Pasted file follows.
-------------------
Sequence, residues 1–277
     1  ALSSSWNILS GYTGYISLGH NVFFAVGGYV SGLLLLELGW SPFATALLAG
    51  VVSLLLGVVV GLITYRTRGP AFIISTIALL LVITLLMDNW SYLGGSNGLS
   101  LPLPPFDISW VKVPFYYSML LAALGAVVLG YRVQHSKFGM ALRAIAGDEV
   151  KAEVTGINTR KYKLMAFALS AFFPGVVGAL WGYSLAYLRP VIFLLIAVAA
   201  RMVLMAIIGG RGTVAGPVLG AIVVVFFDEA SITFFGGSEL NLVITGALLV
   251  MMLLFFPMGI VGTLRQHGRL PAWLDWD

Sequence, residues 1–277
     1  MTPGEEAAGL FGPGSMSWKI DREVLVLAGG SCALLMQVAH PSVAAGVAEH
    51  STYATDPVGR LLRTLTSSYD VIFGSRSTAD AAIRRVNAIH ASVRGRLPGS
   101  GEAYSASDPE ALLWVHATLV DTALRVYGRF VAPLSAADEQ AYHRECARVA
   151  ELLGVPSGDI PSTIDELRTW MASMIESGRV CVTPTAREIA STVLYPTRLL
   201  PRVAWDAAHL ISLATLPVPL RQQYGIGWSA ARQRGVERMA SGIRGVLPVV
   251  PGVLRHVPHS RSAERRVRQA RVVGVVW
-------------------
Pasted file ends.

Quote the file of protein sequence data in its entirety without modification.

Sequence, residues 1–277
     1  ALSSSWNILS GYTGYISLGH NVFFAVGGYV SGLLLLELGW SPFATALLAG
    51  VVSLLLGVVV GLITYRTRGP AFIISTIALL LVITLLMDNW SYLGGSNGLS
   101  LPLPPFDISW VKVPFYYSML LAALGAVVLG YRVQHSKFGM ALRAIAGDEV
   151  KAEVTGINTR KYKLMAFALS AFFPGVVGAL WGYSLAYLRP VIFLLIAVAA
   201  RMVLMAIIGG RGTVAGPVLG AIVVVFFDEA SITFFGGSEL NLVITGALLV
   251  MMLLFFPMGI VGTLRQHGRL PAWLDWD

Sequence, residues 1–277
     1  MTPGEEAAGL FGPGSMSWKI DREVLVLAGG SCALLMQVAH PSVAAGVAEH
    51  STYATDPVGR LLRTLTSSYD VIFGSRSTAD AAIRRVNAIH ASVRGRLPGS
   101  GEAYSASDPE ALLWVHATLV DTALRVYGRF VAPLSAADEQ AYHRECARVA
   151  ELLGVPSGDI PSTIDELRTW MASMIESGRV CVTPTAREIA STVLYPTRLL
   201  PRVAWDAAHL ISLATLPVPL RQQYGIGWSA ARQRGVERMA SGIRGVLPVV
   251  PGVLRHVPHS RSAERRVRQA RVVGVVW